Wednesday 13 December 2017

Murphy uses Dáil privilege to raise O'Brien finances

Catherine Murphy: raised financial details that RTÉ was prevented from airing
Catherine Murphy: raised financial details that RTÉ was prevented from airing
Philip Ryan

Philip Ryan

Independent TD Catherine Murphy used Dáil privilege to raise details about businessman Denis O'Brien's financial affairs with IBRC, which were the subject of a recent High Court injunction.

Mr O'Brien successfully stopped RTÉ from broadcasting the details which Ms Murphy raised in the Dáil.

The businessman was joined by IBRC in his case against the national broadcaster.

Ms Murphy's comments were made as she sought to put a bill before the Dáil which would give the Comptroller and Auditor General the power to audit IBRC.

The Kildare North TD noted that Taoiseach Enda Kenny suggested the Comptroller and Auditor General should investigate IBRC's sale of Siteserv to Mr O'Brien.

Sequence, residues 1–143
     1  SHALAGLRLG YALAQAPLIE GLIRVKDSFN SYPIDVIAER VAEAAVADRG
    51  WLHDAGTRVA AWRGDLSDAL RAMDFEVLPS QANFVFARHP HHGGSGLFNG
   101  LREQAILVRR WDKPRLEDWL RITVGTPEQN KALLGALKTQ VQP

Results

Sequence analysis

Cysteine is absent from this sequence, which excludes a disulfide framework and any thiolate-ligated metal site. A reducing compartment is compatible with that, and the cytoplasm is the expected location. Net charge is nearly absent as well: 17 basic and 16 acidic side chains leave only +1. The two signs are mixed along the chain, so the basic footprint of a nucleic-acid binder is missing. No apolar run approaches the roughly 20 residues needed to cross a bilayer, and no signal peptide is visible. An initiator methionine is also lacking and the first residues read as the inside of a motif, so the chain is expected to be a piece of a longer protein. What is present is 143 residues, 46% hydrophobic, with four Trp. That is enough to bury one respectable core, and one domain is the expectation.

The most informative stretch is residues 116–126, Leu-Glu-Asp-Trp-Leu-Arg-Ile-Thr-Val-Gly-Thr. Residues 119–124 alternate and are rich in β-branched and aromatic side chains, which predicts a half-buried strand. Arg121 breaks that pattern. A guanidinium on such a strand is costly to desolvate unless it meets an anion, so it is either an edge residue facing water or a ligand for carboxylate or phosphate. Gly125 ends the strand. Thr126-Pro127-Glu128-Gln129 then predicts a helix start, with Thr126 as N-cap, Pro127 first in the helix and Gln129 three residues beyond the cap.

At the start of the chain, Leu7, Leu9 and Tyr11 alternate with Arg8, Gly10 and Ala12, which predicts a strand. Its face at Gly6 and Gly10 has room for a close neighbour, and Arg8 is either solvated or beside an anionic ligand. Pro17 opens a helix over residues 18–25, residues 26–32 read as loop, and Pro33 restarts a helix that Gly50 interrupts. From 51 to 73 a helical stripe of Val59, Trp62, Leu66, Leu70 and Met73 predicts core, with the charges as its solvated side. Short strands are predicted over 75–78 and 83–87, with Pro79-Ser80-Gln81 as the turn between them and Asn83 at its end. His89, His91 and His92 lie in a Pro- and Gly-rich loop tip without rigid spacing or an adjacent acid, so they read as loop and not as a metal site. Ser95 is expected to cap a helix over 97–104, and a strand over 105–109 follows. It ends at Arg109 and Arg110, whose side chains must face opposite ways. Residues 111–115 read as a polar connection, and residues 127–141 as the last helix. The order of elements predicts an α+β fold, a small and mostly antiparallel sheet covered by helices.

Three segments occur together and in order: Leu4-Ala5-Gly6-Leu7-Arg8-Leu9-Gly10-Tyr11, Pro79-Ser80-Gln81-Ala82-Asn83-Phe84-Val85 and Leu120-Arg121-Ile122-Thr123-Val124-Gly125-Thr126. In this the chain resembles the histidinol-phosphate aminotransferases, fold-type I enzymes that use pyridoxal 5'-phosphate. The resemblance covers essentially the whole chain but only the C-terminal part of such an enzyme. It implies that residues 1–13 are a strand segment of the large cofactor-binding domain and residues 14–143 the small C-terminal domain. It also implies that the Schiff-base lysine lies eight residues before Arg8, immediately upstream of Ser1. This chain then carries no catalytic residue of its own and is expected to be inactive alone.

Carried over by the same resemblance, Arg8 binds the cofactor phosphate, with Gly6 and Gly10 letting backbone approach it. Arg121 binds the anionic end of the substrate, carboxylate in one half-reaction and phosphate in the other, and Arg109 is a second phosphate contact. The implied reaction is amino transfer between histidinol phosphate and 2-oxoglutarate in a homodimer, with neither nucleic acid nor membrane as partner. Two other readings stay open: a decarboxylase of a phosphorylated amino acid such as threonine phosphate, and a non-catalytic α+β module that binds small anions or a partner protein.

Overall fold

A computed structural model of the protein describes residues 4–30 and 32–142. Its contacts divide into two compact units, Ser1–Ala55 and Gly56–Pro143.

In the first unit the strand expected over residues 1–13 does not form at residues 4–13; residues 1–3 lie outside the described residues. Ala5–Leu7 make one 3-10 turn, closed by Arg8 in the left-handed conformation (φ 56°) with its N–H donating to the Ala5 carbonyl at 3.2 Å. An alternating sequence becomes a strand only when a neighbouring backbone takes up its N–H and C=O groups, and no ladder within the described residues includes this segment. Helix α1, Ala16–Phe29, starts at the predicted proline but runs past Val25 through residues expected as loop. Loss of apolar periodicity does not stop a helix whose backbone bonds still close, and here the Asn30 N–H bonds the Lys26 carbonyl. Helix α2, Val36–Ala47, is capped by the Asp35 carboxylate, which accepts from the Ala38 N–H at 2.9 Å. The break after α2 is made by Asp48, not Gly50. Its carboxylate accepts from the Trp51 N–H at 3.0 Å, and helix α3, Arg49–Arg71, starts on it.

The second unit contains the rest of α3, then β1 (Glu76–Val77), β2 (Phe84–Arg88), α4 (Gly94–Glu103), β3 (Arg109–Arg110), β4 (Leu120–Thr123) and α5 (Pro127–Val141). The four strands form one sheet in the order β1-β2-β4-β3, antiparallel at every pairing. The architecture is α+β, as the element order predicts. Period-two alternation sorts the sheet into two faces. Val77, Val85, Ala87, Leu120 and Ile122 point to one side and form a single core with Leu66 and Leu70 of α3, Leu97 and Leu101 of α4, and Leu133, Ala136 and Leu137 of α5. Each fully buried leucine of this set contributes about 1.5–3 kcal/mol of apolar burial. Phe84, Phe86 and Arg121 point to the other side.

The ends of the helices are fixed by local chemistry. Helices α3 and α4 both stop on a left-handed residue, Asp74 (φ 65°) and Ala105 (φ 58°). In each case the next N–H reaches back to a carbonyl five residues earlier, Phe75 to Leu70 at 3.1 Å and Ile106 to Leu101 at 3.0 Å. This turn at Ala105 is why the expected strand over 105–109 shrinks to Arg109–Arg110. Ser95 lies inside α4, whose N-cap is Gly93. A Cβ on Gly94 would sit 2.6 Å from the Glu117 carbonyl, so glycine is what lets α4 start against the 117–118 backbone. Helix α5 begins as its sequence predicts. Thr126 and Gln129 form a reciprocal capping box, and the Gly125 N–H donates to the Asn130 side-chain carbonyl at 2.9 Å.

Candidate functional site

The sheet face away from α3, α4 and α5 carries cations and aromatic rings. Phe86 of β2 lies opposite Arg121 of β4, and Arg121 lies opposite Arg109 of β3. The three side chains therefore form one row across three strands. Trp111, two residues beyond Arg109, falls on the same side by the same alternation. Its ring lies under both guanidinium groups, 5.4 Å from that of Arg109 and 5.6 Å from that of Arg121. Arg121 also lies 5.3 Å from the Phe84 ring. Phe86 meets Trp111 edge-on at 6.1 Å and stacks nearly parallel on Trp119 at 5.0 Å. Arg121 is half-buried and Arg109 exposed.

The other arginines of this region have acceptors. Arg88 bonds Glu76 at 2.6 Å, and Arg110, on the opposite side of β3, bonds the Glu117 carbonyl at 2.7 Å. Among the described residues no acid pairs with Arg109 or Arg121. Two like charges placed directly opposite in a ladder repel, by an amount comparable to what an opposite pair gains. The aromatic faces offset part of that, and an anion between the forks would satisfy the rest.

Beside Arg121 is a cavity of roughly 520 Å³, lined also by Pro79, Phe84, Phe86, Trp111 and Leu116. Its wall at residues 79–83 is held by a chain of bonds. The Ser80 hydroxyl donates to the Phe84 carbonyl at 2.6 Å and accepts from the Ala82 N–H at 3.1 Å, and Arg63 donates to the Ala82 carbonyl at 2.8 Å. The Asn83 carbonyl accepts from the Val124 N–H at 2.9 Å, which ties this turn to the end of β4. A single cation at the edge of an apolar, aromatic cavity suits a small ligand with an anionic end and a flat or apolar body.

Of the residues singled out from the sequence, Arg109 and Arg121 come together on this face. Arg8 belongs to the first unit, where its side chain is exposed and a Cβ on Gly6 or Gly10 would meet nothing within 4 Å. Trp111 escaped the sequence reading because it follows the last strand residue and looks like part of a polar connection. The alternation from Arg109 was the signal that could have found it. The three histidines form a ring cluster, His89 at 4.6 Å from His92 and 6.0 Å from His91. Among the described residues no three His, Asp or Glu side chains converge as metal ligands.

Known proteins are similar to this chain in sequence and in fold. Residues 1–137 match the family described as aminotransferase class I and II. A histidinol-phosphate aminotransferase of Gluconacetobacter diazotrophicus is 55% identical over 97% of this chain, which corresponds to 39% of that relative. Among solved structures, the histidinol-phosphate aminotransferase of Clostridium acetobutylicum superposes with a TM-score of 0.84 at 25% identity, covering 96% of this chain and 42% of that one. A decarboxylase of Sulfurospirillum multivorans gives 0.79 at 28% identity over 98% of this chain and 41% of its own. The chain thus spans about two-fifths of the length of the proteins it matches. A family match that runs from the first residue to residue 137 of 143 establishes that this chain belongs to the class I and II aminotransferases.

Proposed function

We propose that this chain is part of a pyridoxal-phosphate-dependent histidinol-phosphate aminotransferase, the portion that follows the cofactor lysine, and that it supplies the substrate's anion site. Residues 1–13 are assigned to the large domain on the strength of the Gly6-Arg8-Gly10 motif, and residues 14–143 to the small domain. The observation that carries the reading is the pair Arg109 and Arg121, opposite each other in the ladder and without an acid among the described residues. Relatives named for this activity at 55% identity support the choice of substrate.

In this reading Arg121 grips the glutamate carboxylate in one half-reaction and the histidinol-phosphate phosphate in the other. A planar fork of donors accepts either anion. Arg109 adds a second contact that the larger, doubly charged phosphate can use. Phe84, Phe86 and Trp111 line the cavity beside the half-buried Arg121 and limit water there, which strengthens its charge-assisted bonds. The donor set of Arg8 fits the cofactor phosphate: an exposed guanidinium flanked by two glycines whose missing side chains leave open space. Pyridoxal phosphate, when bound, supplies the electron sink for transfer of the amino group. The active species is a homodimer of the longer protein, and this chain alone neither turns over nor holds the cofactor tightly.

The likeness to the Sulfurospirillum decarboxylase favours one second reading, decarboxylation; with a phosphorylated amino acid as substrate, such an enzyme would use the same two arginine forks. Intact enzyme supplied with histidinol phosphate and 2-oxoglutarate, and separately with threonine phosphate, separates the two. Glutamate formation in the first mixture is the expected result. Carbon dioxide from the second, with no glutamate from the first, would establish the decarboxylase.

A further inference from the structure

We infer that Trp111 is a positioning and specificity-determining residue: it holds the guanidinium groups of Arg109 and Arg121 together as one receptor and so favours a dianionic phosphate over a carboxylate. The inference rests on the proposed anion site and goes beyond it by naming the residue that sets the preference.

Special liquidator Kieran Wallace is currently heading an investigation into the Siteserv sale and other IBRC transactions.

Last week, Mr O'Brien was granted a High Court injunction preventing RTÉ broadcasting a report relating to his private and confidential banking affairs with Irish Bank Resolution Corporation (IBRC).

Mr Justice Donald Binchy ruled the details of his judgment cannot be published until certain parts of it have been redacted after the case comes back before him in June.

The judge read his conclusions in court but following submissions from counsel for both sides, he ruled the judgment should not be released pending the redactions.

The three-day injunction hearing was told Mr O'Brien wanted to restrain publication of the broadcast report because it breached his privacy rights and would cause him incalculable commercial damage.

IBRC, which brought a separate but related application before the court, supported his case.

RTÉ opposed it on grounds including the right to freedom of expression and public interest. It also argued the courts should be slow to interfere with legitimate journalistic judgment.

It said Mr O'Brien's suggestion the report could have been run without naming him would result in a boring and sterile story.

Irish Independent

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